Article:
Book Club reader review: Pet Sematary by Stephen King

Let us know what you’ve been reading!

To submit your reader review, just send 300 words as a text document on the last thing you read, new or old, sci-fi, fantasy, comic-book or horror, to james.hoare@imagine-publishing.co.uk, and it could not only appear here but might make it into the magazine!

Pet Sematary
Author: Stephen King Publisher: Hodder
Release Date: 1o November 2011 Price: £8.99

Although I haven’t had the chance to read anything new, I am currently working my way through my Stephen King collection. I am a massive fan of his work and have most of his novels – from Carrie right up to Under The Dome. I thought it would be a good idea to read them all from the start and compare them to some of his later work to see how they stand up. The answer is: Suprisingly well. I have already made my way through Carrie, Salem’s Lot, The Shining, Rage, Night Shift, The Stand, The Long Walk, The Dead Zone, Firestarter, Road Work, Danse Macabre, Cujo, The Running Man, The Dark Tower: The Gunslinger, Different Seasons and Christine. (By the way, in case you didn’t recognise a couple of them it’s because Rage, The Long Walk, Road Work and The Running Man were all under his pseudonym Richard Bachman, all worth checking out).

I was enjoying them all, especially The Shining and The Stand, which I hadn’t read in a long time and which both still stand up today. It’s always good to revisit the Overlook Hotel and see what the Dark Man is up to next. But then I came to Pet Sematary. I started reading it and it then dawned on me how truly scary King’s novel is. When the Creed family move to Ludlow in Maine and realise there’s a path that leads to a kids’ Pet Sematary (crudly spelled like that by one of the kids who made the sign), little do they realise that their world will soon be turned upside down. The theme of death is strongly used throughout the novel – especially when Louis Creed’s daughter Ellie asks him about their cat Winston Chruchill (Church for short) would go when he dies. She then blurts out “it’s not Gods cat, it’s mine! Let God get his own cat if he wants to!” – and there are numerous others, such as Rachel’s sister Zelda, who died from spinal meningitis. There are lots of really creepy scenes in here, and I will try not to spoil too many for you in case you haven’t read it yet.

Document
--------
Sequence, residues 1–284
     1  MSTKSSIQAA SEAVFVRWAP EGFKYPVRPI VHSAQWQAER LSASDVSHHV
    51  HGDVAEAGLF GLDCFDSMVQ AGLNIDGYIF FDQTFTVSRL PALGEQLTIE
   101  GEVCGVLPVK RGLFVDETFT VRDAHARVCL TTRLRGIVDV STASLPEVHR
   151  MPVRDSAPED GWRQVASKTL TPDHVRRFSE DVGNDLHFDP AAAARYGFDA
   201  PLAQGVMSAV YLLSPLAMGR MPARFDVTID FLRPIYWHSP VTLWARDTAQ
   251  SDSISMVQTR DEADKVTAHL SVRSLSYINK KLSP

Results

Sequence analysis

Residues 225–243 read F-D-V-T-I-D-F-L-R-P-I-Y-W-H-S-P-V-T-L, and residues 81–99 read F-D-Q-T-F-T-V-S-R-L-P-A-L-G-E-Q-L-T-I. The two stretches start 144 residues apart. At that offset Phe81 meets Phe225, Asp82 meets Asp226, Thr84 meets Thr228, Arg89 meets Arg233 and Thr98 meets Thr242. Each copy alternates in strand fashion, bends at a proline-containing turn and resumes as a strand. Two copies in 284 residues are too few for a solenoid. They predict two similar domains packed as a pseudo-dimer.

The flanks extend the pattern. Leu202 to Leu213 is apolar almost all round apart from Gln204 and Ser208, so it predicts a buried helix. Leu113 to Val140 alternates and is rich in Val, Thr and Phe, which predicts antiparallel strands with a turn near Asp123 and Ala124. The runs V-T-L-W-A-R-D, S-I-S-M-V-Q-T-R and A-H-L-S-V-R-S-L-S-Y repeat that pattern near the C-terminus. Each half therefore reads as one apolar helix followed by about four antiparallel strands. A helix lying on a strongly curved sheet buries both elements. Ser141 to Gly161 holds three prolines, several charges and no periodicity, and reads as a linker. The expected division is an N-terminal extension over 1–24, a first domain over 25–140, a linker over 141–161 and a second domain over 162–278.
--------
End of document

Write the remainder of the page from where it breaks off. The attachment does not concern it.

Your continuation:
The dream walk with victim Victor Pascow to the Pet Sematary – “Do not go beyond this, doc, no matter what!” – and Rachel’s horrifying ordeal with her sister Zelda are two which immediately spring to mind. The characters in this are some of King’s best. The neighbour across the road Jud Crandall (whose wife Norma dies from rheumatoid) is a warm and friendly old man that Louis claims to be the father he never had, and who first introduces Louis to the Pet Sematary and infamous Micmac burial ground when the Creed cat gets run down on the highway. The way King builds up the horror in this book is immense, and when the tragic accident to end all tragic accidents happens further into the book hits home, you realise that the lump in your throat has suddenly got bigger and you are covered in sweat by the time you reach the nerve jangling ending.

There was a decent film version adapted by King himself and directed by Mary Lambert released in 1989 which had a couple of chilling scenes (the Zelda one in particular) and there have been talks for years of a TV miniseries remake, but the book will always be superior. Having just finished it again recently it’s still one of the scariest books Stephen King has ever written – even beating IT in terms of scares, and one that is my all time favourite. I am now on Misery, but Pet Sematary is the one I will remember for a long time to come. If you;ve never read it give yourself a treat – but be warned it is very, very scary.